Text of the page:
Peletizing grass for use as fuel.

Don't let grass grow under your feet -- burn it as economical, environmentally friendly biofuel, Cornell expert urges
ITHACA, N.Y. -- Grow grass, not for fun but for fuel. Burning grass for energy has been a well-accepted technology in Europe for decades. But not in the United States.

Yet burning grass pellets as a biofuel is economical, energy-efficient, environmentally friendly and sustainable, says a Cornell University forage crop expert.

This alternative fuel easily could be produced and pelleted by farmers and burned in modified stoves built to burn wood pellets or corn, says Jerry Cherney, the E.V. Baker Professor of Agriculture. Burning grass pellets hasn't caught on in the United States, however, Cherney says, primarily because Washington has made no effort to support the technology with subsidies or research dollars.

"Burning grass pellets makes sense; after all, it takes 70 days to grow a crop of grass for pellets, but it takes 70 million years to make fossil fuels," says Cherney, who notes that a grass-for-fuel crop could help supplement farmers' incomes. Cherney presented the case for grass biofuel at a U.S. Department of Agriculture-sponsored conference, Greenhouse Gases and Carbon Sequestration in Agriculture and Forestry, held March 21-24 in Baltimore.

"Grass pellets have great potential as a low-tech, small-scale, renewable energy system that can be locally produced, locally processed and locally consumed, while having a positive impact on rural communities," Cherney told the conference.

The downside? "Unfortunately grass has no political lobby, which makes the start up of any new alternative energy industry problematic," says Cherney. He notes that a pellet-fuel industry was successfully established in Europe by providing subsidies to the industry. And even though the ratio of the amount of energy needed to produce grass pellets to the amount of energy they produce is much more favorable than for other biomass crops, the lack of government support prevents the industry from going forward, he says.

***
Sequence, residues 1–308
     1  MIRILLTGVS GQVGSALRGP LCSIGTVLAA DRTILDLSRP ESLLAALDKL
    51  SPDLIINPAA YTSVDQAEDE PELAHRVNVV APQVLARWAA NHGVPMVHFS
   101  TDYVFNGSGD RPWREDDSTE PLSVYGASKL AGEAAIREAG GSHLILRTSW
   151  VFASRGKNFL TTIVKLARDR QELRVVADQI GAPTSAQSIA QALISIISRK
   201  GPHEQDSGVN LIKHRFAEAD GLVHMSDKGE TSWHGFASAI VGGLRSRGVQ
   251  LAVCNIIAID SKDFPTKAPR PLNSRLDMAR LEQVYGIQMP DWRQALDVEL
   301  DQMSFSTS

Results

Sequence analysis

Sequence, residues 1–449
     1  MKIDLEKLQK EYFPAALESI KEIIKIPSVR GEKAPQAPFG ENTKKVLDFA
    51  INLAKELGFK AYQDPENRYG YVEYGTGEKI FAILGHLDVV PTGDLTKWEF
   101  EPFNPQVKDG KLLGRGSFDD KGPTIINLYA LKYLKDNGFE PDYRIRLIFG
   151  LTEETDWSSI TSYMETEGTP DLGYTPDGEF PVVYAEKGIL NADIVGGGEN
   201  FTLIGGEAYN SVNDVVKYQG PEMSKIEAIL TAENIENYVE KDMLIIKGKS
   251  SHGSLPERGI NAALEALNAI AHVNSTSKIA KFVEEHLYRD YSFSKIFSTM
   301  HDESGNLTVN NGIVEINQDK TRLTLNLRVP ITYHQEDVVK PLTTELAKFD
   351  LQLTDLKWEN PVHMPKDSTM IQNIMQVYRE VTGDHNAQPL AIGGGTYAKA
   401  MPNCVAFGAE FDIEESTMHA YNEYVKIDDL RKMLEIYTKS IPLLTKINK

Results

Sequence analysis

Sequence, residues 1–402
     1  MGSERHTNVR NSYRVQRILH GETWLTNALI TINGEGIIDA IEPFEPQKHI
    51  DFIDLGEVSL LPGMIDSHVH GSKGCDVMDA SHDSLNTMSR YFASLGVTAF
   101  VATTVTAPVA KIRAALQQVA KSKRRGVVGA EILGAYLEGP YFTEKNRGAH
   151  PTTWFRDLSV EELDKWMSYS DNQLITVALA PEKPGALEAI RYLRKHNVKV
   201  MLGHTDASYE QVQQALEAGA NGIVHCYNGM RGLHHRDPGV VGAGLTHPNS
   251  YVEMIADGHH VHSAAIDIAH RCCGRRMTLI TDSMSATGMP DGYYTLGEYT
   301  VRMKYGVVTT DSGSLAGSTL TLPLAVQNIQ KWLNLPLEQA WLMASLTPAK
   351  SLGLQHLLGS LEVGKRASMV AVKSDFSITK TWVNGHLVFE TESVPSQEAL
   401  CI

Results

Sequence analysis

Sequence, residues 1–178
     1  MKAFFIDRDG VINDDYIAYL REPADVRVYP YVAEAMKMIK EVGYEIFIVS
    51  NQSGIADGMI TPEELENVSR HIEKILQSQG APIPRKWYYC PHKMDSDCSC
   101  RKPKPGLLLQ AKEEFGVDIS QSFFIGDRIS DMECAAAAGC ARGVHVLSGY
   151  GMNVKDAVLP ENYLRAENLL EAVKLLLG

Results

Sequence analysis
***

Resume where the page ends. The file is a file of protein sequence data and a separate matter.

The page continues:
Cherney has made a comparison of wood pellets with various mixes of grasses and the BTUs (British Thermal Units) produced per pound. He has found that grass pellets can be burned without emissions problems, and they have 96 percent of the BTUs of wood pellets. He also notes that grass produces more ash than wood -- meaning more frequent cleaning -- of stoves. Currently, he is testing the burning of pellets made from grasses, such as timothy and orchard grass, as well as weeds, such as goldenrod, in pellet stoves at Cornell's Mt. Pleasant Research Farm. This demonstration project is funded by Cornell's Agricultural Experiment Station.

Cherney points out that grass biofuel pellets are much better for the environment because they emit up to 90 percent less greenhouse gases than oil, coal and natural gas do. Furthermore, he says, grass is perennial, does not require fertilization and can be grown on marginal farmland.

"Any mixture of grasses can be used, cut in mid- to late summer, left in the field to leach out minerals, then baled and pelleted. Drying of the hay is not required for pelleting, making the cost of processing less than with wood pelleting," says Cherney. "The bottom line is that pelletized grass has the potential to be a major affordable, unsubsidized fuel source capable of meeting home and small business heating requirements at less cost than all available alternatives."


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Mushrooms, Mycology and Psychedelics >> The Ethnobotanical Garden